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Rare stamp indices show continued long-term growth

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The latest Stanley Gibbons GB30 and GB250 Rare Stamp Indices show compound annual growth rates (CAGR) of 9.06 per cent and 11.78 per cent respectively over the last ten years.
 


Investment-grade stamps have consistently grown in value since records began, primarily due to the pressures of supply-demand economics. 
 
Stanley Gibbons and newspaper archive material from both the 1930s and 1960s refers to the upward curve of rare stamps – alongside other prestige collectibles such as art, fine wine and classic cars.
 

 
The Stanley Gibbons GB30 Rarities Index tracks the prices of thirty of Britain’s rarest stamps, with price history backdated to 1954.  Since then, the index has shown a CAGR of 9.3 per cent and in 2008/09 the index jumped 38.6 per cent and has continued to rise, demonstrating the lack of correlation with mainstream asset classes.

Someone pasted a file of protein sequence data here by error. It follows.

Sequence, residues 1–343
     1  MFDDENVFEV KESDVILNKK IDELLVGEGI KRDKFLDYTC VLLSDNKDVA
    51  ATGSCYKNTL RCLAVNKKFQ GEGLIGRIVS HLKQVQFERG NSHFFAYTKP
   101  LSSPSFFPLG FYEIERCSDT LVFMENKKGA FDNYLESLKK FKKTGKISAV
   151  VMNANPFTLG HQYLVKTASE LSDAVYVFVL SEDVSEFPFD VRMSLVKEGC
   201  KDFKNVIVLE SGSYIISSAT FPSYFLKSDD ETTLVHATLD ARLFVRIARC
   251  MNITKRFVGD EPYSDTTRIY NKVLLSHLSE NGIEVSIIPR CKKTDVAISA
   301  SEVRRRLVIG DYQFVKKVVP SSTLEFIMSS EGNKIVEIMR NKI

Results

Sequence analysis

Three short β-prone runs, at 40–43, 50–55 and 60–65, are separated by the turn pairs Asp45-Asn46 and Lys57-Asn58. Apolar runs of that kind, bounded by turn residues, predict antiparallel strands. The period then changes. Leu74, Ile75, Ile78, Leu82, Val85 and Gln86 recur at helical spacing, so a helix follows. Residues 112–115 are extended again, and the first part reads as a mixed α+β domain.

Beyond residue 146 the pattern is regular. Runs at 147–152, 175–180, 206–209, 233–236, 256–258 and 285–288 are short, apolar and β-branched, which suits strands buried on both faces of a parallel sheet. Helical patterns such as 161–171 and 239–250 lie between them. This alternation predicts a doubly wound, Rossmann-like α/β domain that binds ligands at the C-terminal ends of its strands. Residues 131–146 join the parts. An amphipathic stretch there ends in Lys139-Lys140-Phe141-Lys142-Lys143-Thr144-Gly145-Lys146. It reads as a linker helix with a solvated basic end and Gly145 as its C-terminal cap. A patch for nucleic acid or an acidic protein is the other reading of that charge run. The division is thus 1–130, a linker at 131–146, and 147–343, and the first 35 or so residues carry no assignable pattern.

With the prestige stamp market driven primarily by the passion of collectors and increasingly, more considered investors, Stanley Gibbons compiled a broader index in 2012 to illustrate market movements.  The GB250 Index tracks the prices of the top 250 investment-grade stamps, with price history backdated to 2002.
 

 
Since inception the GB250 Index has grown overall by 287.92 per cent, equivalent to a CAGR of 11.96 per cent.
 

 
Managing Director of Stanley Gibbons Investments, Keith Heddle, says: “As predicted, after some significant trading both privately and at auction in recent years, the GB stamp market slowed slightly last year with the GB250 growing 2.64 per cent in the last 12 months.  However, we anticipate strong growth again as we head towards the ‘mother of all stamp shows,’ the decennial London philatelic exhibition in 2020 and have already seen signs of this at auction. The ten year performance – growth of 195.02 per cent – emphasises the virtue of viewing rare stamps as a long-term investment.”


 
The best performer in the GB250 was a Queen Victoria nine pence stamp, the ‘9d pale straw’, which rose in value by 33.3 per cent (GBP15,000 to GBP20,000). ‘Official’ stamps – stamps issued for government use – also performed well, contributing approximately half of the year-on-year growth of the index. Of the 35 ‘Officials’ tracked, 23 grew in value over the last 12 months, increasing by 8.35 per cent in the last year.


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